It does sound a bit wrong to say that, plus I’ve only been to two funerals but please allow me to elaborate.
My uncle recently passed away after a battle with cancer.
I knew him as a warm-hearted and loving man, though I particularly knew him for his sense of humour and very much larger-than-life personality.
But I never understood the extent to which he was appreciated and loved by so many. He needed the largest church in Hull to be able to hold the crowd of people that came to pay their respects. I guess there were around 400 people in the church, possibly 500. There were queues to get in, and passers-by were apparently overheard assuming that a celebrity had passed away.
And in his own Winfield kind of way, he was a celebrity. Two caravan factories that he worked for shut down for the day so employees could attend. He hadn’t worked at either of them for many years – 5, maybe closer to 10 years.
He was a proper northerner – very down to earth. He lived pretty much on the same road all of his life – for north Hull was the area, and more importantly, the people that he loved. And they loved him in return.
I was consistently surprised about some of the stories I heard. Apparently when he owned a newspaper shop, by time it opened, there would often be 20 people in his front room drinking coffee and eating bacon sandwiches prepared for them. They would always be welcomed into his house – something replicated by his (and my dad’s) parents who always had an open door for those around.
I like to think that I am quite pragmatic – being down south and away from events, it is easier to carry on with life. But the service was emotional. It surprised me. What really got to me is seeing other family members upset. Yeah, I half-cried.
But the service wasn’t all tears and sadness. There were many moments of laughter too. For that is what my uncle would have wanted – he couldn’t stand morbid funerals.
You may know that religion has no place in my life. However, I have always defended its ability to bring comfort and peace to many, and this was hugely emphasised on Friday. I was particularly taken by the vicar, who clearly had become a good friend with my uncle and the service was personal to him – he attended the wake afterwards and was still there when we left early evening.
Not only did the vicar get his guitar out (sorry uncle for not doing the happy clappy thing) but then he de-robed to reveal a Hull City AFC shirt, which he did the rest of the service in. I deemed it inappropriate to photograph but the moment will stay with me forever.
See, my uncle was a massive Hull City fan. It kind of runs in the family. I am truly delighted that he got to see them in an FA Cup Final, despite his health struggles.
And I’ll always have an even greater appreciation for our manager, Steve Bruce, who often took the time out to speak to him, as my uncle would go down to watch training. My uncle had explained his scenario to him, and they had become quite friendly. Not that you would expect anything else from someone my uncle had spoken to! To be leading a major football club and yet still have time for the ordinary man is heart-warming, and I know how much my uncle appreciated it.
There was one particularly funny story told at the funeral, and I remember being at the game and wondering what the heck my uncle was doing on the pitch at half-time.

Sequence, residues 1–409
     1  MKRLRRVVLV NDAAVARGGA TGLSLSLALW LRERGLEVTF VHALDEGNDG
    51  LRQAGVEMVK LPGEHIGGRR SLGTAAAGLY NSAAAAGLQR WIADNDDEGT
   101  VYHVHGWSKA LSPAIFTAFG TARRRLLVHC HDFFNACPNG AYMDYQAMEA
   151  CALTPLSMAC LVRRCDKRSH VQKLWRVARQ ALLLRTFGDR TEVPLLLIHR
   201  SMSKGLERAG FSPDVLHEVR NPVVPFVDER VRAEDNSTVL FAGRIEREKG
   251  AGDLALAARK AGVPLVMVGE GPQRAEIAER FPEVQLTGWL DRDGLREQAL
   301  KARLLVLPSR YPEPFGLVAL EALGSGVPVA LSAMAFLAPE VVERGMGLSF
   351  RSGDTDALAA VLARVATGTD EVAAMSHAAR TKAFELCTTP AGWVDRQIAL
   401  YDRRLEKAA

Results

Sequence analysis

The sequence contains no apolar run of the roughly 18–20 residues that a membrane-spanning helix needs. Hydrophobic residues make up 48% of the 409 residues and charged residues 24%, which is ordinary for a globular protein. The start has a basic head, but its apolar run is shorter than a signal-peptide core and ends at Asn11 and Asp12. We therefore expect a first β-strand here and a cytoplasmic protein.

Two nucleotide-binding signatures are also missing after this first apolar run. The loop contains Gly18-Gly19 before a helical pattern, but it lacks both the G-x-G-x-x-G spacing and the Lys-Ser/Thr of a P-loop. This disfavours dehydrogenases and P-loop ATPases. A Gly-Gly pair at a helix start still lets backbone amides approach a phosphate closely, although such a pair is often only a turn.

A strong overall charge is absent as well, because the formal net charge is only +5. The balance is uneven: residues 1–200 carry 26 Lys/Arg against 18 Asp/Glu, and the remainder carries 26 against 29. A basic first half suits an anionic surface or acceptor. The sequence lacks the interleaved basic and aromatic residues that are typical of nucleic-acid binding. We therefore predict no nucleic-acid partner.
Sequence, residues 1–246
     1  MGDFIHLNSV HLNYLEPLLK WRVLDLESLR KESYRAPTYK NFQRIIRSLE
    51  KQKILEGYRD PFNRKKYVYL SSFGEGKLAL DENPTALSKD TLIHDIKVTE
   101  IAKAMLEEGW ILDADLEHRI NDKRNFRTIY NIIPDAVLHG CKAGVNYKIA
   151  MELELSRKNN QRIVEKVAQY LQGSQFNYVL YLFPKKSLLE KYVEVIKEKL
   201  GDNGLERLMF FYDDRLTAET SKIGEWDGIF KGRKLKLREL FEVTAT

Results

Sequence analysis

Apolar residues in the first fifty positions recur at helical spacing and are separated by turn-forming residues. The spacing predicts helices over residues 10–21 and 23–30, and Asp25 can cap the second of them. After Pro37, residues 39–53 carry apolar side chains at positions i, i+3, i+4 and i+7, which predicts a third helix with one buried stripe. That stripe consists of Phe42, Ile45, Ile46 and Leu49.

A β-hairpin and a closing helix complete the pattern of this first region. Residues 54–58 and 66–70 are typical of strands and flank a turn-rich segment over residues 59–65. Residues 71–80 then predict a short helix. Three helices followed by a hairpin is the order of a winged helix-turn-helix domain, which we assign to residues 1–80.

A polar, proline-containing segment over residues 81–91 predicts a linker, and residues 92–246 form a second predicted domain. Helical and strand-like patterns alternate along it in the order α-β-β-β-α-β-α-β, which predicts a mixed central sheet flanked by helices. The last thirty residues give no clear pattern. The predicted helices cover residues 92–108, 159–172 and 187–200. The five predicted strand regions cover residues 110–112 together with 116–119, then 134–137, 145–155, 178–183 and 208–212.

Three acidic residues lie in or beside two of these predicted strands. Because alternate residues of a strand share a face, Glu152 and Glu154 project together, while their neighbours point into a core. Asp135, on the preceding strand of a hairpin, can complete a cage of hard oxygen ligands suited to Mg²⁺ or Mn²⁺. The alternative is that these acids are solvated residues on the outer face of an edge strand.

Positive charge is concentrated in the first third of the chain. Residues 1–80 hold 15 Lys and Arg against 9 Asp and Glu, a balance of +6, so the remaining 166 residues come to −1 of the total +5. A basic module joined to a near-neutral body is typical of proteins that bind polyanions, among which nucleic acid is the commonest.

He was entering a competition to win a car. There was a large wooden frame of a tiger on the pitch, and you had three attempts to firstly kick the ball through the large hole – which was relatively easy, then after that you had to kick the ball through the small hole – the eye of the tiger.
Instead, he hit the first ball straight through the small hole, and then ran round the pitch with his shirt off, belly fully exposed (quite some belly…he did once get stuck in a water slide on holiday) thinking he had won the car, with the crowd chanting “Who ate all the pies”.
I expect that the story meant far more to him than the car that he didn’t win.
The wake afterwards saw a lifting of spirits, and a fair amount of beer drunk. There were bacon and sausage sandwiches for all. No room for salad-queens.
It was heart-warming to see so many people vaguely connected to the family – like the couple who used to babysit my uncle and father, whom I was particularly taken with. There were many stories told, particularly by my dad, who was in good form and even towards the end started a sing-song with “There’s Only One Ozzy Winfield”. True Winfield.
Which brings me onto my point. I’m not even sure if I should really be writing about family funerals on a public blog, but if you know me well enough then you’ll have been expecting me to write about it.
The overwhelming feeling I had by the end of the day was a real pride to be a Winfield. It was a day where I fully understood what being a Winfield was all about – being warm, generous, funny, loyal, honest – an entertainer, a listener, a story-teller. Occasionally an idiot. Some of those I do well…others not so well.
I was also proud to be from Hull, albeit very secondary to being a Winfield. I am not sure you would replicate that kind of community and kindred spirit in Reading/Bracknell.
It was an emotional day but yet looking back and reflecting nearly a week on, I can reflect on my memories, not just of that day, with considerable warmth and appreciation.
So, lost for words now, I will just say RIP Uncle Ozzy. My favourite ever trade unionist.
And the last thing he ever said to me? “Get your bloody hair cut”.